Wednesday, December 30, 2015

Teaching Tolerance to Children

Tolerance, diversity, peacefulness.  Those are some ideas I like to focus on in my life, and with my children.   Teaching tolerance to children is important because we want them to respect the rights of others, while celebrating the beauty and uniqueness in the world.  I want my children to understand that others may have a different point view, life style, belief system or way of life.  They may look different, sound different, dress different, talk different, and are indeed different.   Regardless of any differences, people still have valid thoughts and human rights, and therefore should be respected.  Teaching the concept of tolerance to children does not mean we are teaching children to tolerate bad choices, we are simply asking children to embrace and respect the beauty in others.  At least, that is how I see it.

This world is made up of uniqueness and differences.  It is wonderful.  Celebrating diversity and learning about differences is enlightening and powerful.  Some ways to teach children about diversity, (and therefore tolerance), include:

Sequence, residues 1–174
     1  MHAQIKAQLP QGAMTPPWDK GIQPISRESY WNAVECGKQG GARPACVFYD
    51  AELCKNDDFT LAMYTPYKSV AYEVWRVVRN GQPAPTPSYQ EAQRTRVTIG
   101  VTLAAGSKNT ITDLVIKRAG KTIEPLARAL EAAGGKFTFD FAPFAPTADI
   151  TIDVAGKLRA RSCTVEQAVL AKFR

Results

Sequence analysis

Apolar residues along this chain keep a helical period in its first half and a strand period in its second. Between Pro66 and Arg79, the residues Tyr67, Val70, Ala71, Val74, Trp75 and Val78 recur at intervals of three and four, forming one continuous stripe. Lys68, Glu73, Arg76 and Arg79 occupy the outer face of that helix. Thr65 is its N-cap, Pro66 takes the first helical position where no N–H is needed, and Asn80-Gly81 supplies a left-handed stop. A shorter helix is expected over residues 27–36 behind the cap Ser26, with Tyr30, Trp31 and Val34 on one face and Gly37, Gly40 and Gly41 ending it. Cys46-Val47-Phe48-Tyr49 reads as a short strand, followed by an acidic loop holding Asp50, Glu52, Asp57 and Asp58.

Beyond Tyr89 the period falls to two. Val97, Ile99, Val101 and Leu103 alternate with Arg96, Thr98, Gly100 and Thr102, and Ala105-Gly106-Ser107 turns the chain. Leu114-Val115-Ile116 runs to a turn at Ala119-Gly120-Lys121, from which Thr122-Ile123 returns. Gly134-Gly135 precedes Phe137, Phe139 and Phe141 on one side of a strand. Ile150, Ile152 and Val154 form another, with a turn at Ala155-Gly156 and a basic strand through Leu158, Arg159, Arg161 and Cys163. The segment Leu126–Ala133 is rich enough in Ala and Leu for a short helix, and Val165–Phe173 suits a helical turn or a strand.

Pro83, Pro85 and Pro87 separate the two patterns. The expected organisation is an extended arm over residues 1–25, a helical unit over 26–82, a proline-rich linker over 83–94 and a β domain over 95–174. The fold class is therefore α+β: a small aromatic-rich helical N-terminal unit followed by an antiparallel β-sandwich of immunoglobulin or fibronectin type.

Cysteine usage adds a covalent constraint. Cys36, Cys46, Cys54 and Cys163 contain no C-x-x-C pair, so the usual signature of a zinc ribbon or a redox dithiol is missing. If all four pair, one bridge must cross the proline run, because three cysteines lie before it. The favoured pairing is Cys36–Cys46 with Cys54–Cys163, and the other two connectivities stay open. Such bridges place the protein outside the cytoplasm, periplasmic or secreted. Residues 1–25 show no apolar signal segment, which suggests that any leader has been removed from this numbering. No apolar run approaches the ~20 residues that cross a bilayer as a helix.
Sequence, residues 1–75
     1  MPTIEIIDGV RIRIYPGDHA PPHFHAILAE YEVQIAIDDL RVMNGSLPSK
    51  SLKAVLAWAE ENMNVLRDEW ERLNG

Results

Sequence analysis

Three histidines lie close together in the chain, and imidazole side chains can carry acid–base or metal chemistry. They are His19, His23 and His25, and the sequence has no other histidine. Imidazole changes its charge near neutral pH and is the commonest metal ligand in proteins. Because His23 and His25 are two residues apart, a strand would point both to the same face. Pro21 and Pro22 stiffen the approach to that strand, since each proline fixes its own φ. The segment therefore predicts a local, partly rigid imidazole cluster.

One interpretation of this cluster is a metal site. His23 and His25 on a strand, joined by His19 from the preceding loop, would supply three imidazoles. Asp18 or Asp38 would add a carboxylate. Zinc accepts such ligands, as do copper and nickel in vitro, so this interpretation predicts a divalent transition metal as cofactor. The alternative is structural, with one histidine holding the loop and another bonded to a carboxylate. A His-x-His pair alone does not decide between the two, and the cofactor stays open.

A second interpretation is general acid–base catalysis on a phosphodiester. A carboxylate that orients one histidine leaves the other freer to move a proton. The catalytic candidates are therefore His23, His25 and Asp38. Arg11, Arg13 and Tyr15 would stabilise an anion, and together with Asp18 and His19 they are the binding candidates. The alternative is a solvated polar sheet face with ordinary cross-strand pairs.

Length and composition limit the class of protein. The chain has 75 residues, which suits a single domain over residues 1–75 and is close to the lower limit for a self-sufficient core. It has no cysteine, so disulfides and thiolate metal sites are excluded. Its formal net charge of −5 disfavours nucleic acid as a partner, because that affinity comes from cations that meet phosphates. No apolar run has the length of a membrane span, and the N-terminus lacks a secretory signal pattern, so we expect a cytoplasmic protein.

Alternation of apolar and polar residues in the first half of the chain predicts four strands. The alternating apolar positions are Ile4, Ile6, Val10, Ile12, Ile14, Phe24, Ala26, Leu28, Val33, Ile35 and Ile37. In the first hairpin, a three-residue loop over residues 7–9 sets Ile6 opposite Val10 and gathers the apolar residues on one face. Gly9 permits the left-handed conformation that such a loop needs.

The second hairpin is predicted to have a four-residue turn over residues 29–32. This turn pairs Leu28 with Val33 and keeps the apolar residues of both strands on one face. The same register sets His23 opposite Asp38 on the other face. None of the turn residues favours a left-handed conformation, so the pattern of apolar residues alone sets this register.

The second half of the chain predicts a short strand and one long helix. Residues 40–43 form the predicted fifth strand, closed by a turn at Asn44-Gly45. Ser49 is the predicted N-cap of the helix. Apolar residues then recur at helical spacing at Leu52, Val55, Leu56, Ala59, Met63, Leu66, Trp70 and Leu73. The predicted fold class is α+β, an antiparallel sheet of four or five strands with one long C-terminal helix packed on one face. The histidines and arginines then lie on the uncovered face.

• Research one's own family tree/heritage.  What similarities and differences may be seen throughout your own family?
  • Learn about the culture of a friend with a different ethnic background.  Ask questions.
  • Try new ethnic foods.  Go to authentic restaurants and make recipes on your own.
  • Encourage children to see the beauty in those around them.  Discuss ways others are uniquely beautiful and compliment others.
  • Read (children) books focusing on tolerance, diversity and peacefulness.
  • Research famous leaders who have fought for the rights of others, (Abraham Lincoln, Martin Luther King, Rosa Parks, etc.)
  • Attend a party, celebration, or ethnic event different from one's own.  A few ideas include: Bar Mitzvah, quincernera, Kwanza gathering, Indian Wedding, cultural fair or other celebration or event.
  • Discuss ways that people may be different, (different cultures, different looks, different abilities, special needs, different beliefs, etc.)
I have prepared a Tolerance Packet on activities that may be used by teachers, school counselors, parents and homeschooling parents, social workers, speech therapists, and other specialists.  Included in this packet are activities, printables, posters and awards.  To see full details, click here.

1 comment:

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